Although Heinlein rarely discussed his process with the story that became I Will Fear No Evil, …[i]t was as if he was working on crafting a New Wave kind of story that worked as story—the kind of thing for fiction that Frank Lloyd Wright had done with the Bauhaus when he designed Fallingwater in 1935…
He had Nabokov on his mind as well as the New Wave movement (this would have been right in the middle of it) and postmodernism, as well as reacting against the enshrinement going on in fandom of Campbellian Golden Age conventions. He wanted to shake everyone up.
If in fact that was the nature of the work, it becomes clear why the book seemed to have no “natural” audience and served to confuse people more than reinforce Heinlein’s reputation as the “dean of space age fiction.” The core readership of science fiction—fandom—would have loathed the postmodernist ambiguities while mainstream critics still treated science fiction as a fad and a not very good one at that. Had someone told the New York Times reviewers that the book was a postmodern allegory, they would have (perhaps silently) laughed in dismay.
At this point a deeper analysis of the book might have been in order.
But Patterson was not doing literary analysis, he was chronicling a fascinating life.
Heinlein has long been the largest head on the Mount Rushmore of science fiction. The myths about him, from his first sale to his unhindered success to his idolization of redheads to his supposed fascism, have stood in for any real knowledge about him, seasoned here and there with personal anecdotes. In fact, Heinlein was almost pathologically private and resented anyone poking into his personal life. He had a public persona, which he apparently enjoyed using, based on certain aspects of his character which those who saw only that took to be the whole man. In later years his critics viewed him as hopelessly anachronistic, conservative to the point of feudalistic, a reactionary, and, despite sales figures, marginal to the field. The service Patterson has done, besides the obvious demythologizing (especially in the first volume), is the extensive contextualizing of the man, the filling in of event, and the examination of how surfaces hide as much as reflect what lies behind what the public sees.
Heinlein was nothing if not experimental. Often, because he was conducting his experiments at the times he did, the experiments were misperceived and misunderstood. One can sympathize with his repeated desire not to have his work “analyzed” in an academic sense because he felt it would rob readers of seeing for themselves. He likely disliked the idea of seeing his own motives and character analyzed through the lens of his work, something which happens often, especially in academic works. He did not wish to be “psychologized” by people who may well not “get” what he was trying to do in the first place.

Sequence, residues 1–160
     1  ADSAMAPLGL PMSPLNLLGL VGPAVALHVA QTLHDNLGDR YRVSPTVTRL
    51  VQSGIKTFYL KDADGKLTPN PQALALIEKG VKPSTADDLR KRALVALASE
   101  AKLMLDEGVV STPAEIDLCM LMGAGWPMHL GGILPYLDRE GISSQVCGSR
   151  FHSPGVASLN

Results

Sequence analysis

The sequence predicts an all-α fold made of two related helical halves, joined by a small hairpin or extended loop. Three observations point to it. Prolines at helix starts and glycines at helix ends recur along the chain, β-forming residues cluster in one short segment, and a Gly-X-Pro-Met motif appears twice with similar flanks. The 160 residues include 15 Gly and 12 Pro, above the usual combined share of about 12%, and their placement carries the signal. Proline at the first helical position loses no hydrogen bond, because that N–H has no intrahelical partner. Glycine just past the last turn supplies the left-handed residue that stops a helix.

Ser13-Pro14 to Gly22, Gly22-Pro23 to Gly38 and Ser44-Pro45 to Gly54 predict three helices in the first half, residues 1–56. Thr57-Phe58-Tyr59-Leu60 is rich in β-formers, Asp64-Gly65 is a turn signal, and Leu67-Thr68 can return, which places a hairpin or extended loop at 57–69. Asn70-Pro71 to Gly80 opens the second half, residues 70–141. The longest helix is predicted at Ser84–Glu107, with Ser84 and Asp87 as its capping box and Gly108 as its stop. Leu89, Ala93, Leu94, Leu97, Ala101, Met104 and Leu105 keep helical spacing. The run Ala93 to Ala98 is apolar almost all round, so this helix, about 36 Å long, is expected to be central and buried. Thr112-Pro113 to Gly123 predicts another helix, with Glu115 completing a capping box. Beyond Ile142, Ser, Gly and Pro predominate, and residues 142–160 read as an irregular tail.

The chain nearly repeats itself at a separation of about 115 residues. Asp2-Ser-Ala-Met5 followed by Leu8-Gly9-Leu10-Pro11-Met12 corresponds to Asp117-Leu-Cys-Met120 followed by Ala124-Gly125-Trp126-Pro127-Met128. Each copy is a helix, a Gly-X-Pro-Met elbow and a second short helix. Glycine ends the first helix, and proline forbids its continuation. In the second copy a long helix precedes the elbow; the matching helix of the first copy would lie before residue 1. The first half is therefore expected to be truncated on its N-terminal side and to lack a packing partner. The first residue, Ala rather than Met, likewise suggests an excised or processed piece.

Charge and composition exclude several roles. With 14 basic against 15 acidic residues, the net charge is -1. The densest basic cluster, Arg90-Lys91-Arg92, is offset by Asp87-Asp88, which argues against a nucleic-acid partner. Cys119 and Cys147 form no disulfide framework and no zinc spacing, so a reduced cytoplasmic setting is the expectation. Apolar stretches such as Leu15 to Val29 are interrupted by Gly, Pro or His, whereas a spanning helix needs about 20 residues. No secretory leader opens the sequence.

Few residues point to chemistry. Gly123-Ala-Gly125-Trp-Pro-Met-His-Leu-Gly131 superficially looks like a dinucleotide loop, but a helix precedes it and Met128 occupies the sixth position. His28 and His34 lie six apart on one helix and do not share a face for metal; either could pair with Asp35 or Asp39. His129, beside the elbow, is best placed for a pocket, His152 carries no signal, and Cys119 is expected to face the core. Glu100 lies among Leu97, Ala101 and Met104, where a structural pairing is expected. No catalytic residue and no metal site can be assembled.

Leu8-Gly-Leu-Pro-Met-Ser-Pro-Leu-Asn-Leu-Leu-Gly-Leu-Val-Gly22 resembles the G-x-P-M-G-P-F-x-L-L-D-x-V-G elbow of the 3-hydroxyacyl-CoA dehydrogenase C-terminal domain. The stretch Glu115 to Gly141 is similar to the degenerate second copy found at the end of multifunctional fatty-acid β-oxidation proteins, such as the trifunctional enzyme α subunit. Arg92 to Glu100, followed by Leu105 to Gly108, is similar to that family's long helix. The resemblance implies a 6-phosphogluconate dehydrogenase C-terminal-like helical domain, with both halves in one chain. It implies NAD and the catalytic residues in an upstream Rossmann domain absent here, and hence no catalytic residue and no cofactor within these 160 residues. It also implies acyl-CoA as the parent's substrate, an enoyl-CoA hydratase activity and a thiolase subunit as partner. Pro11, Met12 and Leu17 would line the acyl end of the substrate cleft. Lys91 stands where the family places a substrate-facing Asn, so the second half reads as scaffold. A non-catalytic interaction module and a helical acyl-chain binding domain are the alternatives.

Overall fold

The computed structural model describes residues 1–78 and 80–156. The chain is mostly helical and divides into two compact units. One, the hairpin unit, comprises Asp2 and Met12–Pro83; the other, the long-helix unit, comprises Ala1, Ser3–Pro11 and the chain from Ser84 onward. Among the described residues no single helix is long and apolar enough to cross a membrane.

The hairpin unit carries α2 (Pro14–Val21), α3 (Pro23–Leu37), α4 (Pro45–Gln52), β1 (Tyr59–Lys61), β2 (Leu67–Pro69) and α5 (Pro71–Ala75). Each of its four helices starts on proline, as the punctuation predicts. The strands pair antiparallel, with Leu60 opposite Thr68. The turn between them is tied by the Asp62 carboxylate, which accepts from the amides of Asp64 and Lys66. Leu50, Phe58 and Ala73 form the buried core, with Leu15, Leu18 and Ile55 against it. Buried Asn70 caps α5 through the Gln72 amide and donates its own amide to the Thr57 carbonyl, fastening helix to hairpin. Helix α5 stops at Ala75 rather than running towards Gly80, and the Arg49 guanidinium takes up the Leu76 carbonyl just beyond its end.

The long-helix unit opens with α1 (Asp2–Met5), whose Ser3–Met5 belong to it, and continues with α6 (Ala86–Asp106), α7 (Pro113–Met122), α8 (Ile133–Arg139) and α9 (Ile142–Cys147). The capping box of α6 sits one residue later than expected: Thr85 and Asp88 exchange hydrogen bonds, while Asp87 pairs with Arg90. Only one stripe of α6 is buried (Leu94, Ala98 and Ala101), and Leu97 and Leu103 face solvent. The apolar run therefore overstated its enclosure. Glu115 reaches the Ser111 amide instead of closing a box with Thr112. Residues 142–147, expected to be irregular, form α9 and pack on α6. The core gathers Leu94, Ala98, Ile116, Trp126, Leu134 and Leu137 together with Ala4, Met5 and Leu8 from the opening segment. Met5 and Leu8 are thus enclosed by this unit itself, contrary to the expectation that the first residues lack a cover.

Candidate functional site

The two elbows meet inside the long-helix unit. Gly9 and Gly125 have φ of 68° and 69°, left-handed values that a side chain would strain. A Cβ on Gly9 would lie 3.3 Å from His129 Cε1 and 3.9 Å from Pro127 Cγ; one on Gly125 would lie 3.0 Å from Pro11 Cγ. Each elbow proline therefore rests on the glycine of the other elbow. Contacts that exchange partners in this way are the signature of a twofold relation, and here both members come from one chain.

He was very much about control in this regard.
As in much of the rest of his life. His detractors occasionally riff on the idea that he was in some ways a fraud, that his desire for control was only to mask a deep sense of incompetence or even incomprehension. This is an unfortunately shallow reading. Consider: Heinlein’s one ambition as a youth was to have a Navy career. He worked himself into physical breakdown to get through Annapolis only to find out a short time into what he thought would be a lifetime calling that his own health was sabotaging him. He had to leave the Navy because his body failed him. The one thing he truly wanted to do was denied him.
Some people might give up and sell siding for the rest of their lives. Heinlein tried many things. He ran for political office, he tried mining, pursued his education, finally coming to writing. Even after early success at that, he continued trying to serve his country and ran a research lab.
That he may have felt some ambivalence about the thing that eventually became his most successful endeavor might be understood given all this. Rather than hiding incompetence, it is perhaps more accurate to say that he lived with continued fear that some new malady or accident might put an end to this as well. It is not inconceivable that he expected, however minutely, that the bottom would fall out in the next step or two. Reading about the speed with which he turned out clearly superior novels, it is not hard to imagine a nagging imp of doubt that he might not be able to do this next week for reasons completely out of his control